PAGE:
The same day Andrew Cunanan murdered Gianni Versace, I got a letter (I write a sex-advice column, “Savage Love,” which runs in about 20 weeklies) from a gay man claiming he was infected with HIV at some point during a series of failed relationships.
He wanted to know why gay men are such shits, and mentioned that he’d considered becoming a hustler—to spread HIV and “pay back these assholes like they paid me.” In my response I brought up Cunanan, who, according to then-breaking “news,” had vowed to “get” the man who’d infected him with HIV. “Reports say Cunanan began his alleged rampage after learning he was HIV positive,” I regurgitated. “If Cunanan wants to punish the person responsible for his infection, or for the rest of his fucked-up life, he should turn that gun on himself.” Which was what he did, on the day my column came out.
Now, I’m not taking the responsibility—or the credit—for Cunanan’s suicide; my column doesn’t run in Miami. But there is something I will take responsibility for: Spreading AIDS hysteria. I fell—and I fell hard—for the HIV-as-motive scenario peddled everywhere from the tabloid TV shows to the front page of The New York Times. The only problem, of course, is that a blood test done on Cunanan’s corpse revealed, a week after his suicide, that he was HIV-negative. So where did this AIDS spin originate? A volunteer empath at an AIDS service organization recalled having a conversation with Cunanan about HIV transmission during which he vowed to “get whoever did this to me.” From this shaky source snowballed full-blown speculation, such as this from Hard Copy: “With nothing to live for after contracting AIDS, Cunanan went on a rampage, vowing to ‘get’ the men responsible for the death sentence he faced.”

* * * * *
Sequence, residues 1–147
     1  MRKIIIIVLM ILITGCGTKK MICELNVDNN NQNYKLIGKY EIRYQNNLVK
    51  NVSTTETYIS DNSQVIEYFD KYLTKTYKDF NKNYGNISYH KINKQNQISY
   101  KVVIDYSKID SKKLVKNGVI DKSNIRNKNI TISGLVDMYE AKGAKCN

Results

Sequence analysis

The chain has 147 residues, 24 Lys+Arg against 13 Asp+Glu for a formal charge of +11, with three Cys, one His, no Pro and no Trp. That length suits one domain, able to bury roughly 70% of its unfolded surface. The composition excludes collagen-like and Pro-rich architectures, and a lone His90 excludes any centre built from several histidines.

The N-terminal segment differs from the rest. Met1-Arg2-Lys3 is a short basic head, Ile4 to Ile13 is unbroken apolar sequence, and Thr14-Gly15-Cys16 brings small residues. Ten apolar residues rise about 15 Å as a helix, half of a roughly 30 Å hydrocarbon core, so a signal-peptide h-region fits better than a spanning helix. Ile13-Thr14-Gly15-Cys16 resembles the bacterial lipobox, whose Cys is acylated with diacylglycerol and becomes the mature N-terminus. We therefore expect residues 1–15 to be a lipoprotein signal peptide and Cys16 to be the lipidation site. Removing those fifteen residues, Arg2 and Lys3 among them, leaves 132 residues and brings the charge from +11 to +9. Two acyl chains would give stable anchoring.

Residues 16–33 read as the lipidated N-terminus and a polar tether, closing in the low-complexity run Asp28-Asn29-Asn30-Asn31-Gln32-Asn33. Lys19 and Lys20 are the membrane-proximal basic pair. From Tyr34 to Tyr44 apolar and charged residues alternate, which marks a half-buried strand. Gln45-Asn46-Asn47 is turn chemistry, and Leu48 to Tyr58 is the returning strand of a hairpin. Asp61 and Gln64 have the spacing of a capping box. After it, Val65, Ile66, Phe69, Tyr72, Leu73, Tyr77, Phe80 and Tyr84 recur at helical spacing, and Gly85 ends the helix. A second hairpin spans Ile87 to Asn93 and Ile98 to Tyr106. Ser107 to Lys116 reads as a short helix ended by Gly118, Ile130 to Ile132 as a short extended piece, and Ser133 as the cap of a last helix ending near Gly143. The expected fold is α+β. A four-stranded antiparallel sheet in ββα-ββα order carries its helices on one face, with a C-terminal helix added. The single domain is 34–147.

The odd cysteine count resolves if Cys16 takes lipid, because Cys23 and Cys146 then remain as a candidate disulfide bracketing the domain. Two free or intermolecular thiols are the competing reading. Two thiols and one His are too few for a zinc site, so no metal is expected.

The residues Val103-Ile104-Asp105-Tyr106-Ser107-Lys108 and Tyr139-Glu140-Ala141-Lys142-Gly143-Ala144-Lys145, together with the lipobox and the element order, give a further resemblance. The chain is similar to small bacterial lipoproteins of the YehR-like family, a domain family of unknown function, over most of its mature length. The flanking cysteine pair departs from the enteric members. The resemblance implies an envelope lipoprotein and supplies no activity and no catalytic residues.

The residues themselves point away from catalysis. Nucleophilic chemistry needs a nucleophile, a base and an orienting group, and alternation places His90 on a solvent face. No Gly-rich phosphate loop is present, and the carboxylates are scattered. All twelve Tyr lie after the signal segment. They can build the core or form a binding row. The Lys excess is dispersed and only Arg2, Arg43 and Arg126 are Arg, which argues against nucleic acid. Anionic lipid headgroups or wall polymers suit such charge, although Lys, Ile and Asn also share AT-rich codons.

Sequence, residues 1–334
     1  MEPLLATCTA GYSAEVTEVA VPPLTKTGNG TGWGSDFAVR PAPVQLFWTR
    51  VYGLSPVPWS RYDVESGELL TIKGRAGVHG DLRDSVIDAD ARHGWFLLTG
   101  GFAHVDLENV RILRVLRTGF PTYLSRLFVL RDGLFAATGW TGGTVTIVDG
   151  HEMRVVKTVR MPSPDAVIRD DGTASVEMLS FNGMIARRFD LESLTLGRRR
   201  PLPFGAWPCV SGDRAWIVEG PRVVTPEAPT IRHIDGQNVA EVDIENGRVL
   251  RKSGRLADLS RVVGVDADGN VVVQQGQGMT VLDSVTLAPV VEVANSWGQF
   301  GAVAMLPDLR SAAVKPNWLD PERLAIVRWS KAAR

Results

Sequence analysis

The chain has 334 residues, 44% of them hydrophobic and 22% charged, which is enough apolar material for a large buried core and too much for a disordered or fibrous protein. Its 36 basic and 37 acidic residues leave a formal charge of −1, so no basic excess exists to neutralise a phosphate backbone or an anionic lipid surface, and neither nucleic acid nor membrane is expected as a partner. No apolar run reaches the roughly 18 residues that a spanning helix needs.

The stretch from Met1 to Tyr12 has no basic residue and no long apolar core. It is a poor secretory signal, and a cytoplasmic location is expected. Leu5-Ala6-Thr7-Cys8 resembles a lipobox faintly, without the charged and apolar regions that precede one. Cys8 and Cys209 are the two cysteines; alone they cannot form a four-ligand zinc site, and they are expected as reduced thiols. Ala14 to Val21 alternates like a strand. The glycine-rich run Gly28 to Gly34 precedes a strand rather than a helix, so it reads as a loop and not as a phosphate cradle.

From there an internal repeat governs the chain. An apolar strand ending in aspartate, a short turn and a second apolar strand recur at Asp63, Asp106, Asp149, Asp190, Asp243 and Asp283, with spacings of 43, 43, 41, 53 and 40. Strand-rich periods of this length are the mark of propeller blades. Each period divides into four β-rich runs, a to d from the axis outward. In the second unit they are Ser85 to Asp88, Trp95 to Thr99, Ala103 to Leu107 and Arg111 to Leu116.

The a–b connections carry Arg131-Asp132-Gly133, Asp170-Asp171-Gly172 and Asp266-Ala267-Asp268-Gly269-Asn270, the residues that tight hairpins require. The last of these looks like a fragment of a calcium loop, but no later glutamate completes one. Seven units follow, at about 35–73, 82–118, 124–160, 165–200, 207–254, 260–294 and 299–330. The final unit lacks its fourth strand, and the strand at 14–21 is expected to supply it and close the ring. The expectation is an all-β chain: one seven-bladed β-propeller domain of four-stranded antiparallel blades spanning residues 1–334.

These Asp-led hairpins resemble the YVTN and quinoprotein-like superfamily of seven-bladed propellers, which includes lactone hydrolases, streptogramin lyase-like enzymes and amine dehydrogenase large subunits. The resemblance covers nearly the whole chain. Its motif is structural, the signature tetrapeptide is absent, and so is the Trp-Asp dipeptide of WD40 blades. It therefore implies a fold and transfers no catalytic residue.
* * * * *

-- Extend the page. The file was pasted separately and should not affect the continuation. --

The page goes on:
First, no one “contracts AIDS”: People contract HIV and develop AIDS. And “death sentence?” Not these days. Someone who looks like Cunanan may have exploded in front of the volunteer, but lots of men react with rage to the news that they tested positive—and promptly get over it. In fact, facing morality in the form of HIV has transformed many gay men, helping them to get their priorities in order. And most who test positive wind up turning their anger on the virus itself: Treatment and prevention activism have always been sustained by troops of HIVers. This, of course, is rarely recognized—it doesn’t jibe with the HIV-as-never-ending-tragedy narrative. And, come on, if “death sentences” turned gay men into spree killers, where were all the HIV positive assassins when we needed them? Why weren’t they stalking Washington, D.C. during Reagan’s second term? How come Jesse Helms is still alive?